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Climate Change: State of Science & Adapting to the Inevitable

Climate Change: State of Science & Adapting to the Inevitable

Tuesday, January 29, 2008

The New York Academy of Sciences

Climate change-related issues continue to become more significant and gain visibility. This full day meeting will address the critical importance of understanding the current state of science and emerging opportunities for mitigation and adaptation to the growing phenomenon. Attend this event to hear experts from industrial, government, and academic institutions on the current and future economical and environmental impact of climate change.


9:30 AM - Registration

9:45 AM - Introduction

Session 1: State of Science, Facts and Projections

  • 10:00 AM - The Rapidly Changing Climate System: Michael Oppenheimer, Princeton University
  • 10:30 AM - Effects on the Oceans: Paul Falkowski, Rutgers University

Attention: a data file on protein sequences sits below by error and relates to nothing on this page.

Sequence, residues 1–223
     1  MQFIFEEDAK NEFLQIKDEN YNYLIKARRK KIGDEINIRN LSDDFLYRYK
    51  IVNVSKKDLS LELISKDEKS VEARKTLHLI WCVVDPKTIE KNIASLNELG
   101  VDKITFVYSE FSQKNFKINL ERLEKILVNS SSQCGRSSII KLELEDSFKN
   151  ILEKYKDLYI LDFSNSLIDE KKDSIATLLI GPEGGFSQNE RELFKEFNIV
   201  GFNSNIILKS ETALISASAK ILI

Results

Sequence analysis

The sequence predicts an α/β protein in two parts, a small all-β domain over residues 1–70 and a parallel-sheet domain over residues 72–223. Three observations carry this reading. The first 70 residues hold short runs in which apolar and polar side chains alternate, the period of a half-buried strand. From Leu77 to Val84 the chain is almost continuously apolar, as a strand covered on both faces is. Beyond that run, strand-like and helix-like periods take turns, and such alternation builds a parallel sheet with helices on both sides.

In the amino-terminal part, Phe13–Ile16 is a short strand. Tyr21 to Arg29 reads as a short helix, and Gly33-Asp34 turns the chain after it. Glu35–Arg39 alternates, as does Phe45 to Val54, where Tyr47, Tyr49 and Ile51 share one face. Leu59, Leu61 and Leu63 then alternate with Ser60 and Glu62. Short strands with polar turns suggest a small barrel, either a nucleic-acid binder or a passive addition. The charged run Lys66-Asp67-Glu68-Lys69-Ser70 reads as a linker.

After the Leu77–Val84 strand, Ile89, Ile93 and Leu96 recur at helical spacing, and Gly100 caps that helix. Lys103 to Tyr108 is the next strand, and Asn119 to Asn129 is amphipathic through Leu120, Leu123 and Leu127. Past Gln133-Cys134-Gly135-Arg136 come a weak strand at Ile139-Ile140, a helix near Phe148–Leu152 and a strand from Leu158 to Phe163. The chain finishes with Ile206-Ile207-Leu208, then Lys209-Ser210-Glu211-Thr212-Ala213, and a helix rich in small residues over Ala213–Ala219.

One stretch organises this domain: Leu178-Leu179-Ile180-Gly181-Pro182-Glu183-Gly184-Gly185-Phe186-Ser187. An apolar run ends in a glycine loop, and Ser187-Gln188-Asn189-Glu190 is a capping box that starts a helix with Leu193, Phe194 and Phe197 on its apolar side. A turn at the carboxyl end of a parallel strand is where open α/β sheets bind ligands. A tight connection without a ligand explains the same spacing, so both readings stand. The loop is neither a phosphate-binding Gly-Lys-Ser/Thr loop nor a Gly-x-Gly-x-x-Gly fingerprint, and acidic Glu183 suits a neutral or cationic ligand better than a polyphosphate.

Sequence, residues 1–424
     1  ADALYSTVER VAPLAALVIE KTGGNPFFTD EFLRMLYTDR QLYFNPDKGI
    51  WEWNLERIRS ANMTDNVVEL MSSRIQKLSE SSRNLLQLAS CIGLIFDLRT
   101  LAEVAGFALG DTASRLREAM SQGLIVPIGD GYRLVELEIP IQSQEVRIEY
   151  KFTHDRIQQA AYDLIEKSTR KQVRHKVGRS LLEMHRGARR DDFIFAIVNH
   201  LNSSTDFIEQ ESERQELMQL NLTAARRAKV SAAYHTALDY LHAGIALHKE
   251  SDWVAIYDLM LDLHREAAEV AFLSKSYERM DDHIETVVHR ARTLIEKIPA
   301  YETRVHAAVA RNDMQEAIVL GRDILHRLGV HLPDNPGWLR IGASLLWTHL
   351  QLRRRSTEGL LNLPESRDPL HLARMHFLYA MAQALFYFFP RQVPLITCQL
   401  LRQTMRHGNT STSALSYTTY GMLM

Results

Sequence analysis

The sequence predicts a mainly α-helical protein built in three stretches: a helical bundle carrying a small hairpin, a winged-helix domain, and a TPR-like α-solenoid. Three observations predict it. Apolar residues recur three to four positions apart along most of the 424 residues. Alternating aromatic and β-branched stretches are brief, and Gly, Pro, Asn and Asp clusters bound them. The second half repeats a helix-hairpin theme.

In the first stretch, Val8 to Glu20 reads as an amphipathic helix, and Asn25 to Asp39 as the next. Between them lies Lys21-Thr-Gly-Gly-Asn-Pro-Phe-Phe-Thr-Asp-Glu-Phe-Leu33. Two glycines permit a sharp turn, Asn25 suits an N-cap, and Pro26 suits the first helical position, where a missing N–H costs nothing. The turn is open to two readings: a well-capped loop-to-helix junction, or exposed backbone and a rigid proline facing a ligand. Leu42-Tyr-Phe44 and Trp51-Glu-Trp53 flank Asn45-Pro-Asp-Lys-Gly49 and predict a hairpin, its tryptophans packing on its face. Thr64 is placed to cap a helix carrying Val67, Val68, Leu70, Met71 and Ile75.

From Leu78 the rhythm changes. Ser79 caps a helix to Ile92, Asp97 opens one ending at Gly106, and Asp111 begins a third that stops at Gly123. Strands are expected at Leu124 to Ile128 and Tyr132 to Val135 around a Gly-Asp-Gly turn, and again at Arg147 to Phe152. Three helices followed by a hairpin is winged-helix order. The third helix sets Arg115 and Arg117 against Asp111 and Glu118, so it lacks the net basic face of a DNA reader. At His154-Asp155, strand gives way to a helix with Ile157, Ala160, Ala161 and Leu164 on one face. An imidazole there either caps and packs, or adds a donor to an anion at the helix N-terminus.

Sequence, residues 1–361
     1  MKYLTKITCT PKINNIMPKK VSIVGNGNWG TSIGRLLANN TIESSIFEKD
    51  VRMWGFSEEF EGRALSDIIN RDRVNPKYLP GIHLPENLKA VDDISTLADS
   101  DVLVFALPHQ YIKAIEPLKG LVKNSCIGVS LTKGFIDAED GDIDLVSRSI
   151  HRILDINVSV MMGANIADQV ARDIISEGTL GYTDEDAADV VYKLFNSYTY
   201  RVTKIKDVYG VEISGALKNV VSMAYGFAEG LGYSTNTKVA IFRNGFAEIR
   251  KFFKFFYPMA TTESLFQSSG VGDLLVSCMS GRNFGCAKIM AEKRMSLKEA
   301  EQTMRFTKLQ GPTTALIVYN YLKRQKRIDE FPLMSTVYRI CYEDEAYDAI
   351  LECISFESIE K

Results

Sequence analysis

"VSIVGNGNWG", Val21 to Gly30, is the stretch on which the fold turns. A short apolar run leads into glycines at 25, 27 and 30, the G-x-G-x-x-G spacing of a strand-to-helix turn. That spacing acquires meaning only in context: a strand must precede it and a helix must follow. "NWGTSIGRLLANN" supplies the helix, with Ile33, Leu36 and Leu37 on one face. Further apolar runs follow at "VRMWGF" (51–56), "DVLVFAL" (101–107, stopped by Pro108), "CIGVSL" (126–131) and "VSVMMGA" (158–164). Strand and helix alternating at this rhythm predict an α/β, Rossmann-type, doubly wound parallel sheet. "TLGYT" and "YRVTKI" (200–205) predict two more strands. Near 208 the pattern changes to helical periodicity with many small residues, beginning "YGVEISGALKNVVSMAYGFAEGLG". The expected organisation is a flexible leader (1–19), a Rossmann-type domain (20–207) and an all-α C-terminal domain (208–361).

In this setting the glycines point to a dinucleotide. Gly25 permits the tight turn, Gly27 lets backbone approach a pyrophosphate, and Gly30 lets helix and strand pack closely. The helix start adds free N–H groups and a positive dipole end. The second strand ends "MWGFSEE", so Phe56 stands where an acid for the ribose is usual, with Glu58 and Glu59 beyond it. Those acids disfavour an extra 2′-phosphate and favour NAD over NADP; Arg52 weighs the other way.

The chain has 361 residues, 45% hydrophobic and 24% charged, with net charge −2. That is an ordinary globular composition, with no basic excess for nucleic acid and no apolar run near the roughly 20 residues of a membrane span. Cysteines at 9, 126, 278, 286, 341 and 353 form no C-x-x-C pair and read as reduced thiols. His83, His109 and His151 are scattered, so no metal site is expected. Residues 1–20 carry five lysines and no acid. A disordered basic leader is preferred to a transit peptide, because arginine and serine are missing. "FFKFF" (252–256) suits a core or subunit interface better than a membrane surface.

• 11:00 AM - Effects on Terrestrial Environment: William Schlesinger, IES
  • 11:30 AM - Break
  • 11:45 AM - The Human Dimension: William Solecki, Hunter College, CUNY
  • 12:15 PM - Sea Level Rise Impacts: Stephen Leatherman, Florida International University
  • 12:45 PM - Panel Discussion: What Does the Future Climate Have in Store for the New York Region?

1:15 PM - Lunch

Session 2: Adapting to the Inevitable

  • 2:00 PM - Time Is Running Out: A Worried View of the Future: George Hendrey, Queens/ CUNY
  • 2:30 PM - Transportation with Rising Energy Costs: Robert Paaswell, CCNY
  • 3:00 PM - Large Opportunities in the Building Sector: Michael Bobker, CCNY
  • 3:30 PM - Break
  • 3:45 PM - The Green Bubble as Business Opportunity: Robert Bell, Brooklyn College, CUNY
  • 4:15 PM - Controlling Emissions with a Carbon Tax: Charles Komanoff, Carbon Tax Center
  • 4:45 PM - Panel Discussion: Does the New York Region Have the Time Needed and the Financial Means to Adapt to Climate Change?

5:30 PM - Reception

This highly interdisciplinary group brings together scientists and engineers with key stakeholders and policy makers from academia, business, and government who are interested in understanding the broad range of scientific methods and disciplines that underlie key environmental challenges. This year's focus will be on issues related to global warming with an emphasis on energy sources, energy storage, and carbon management.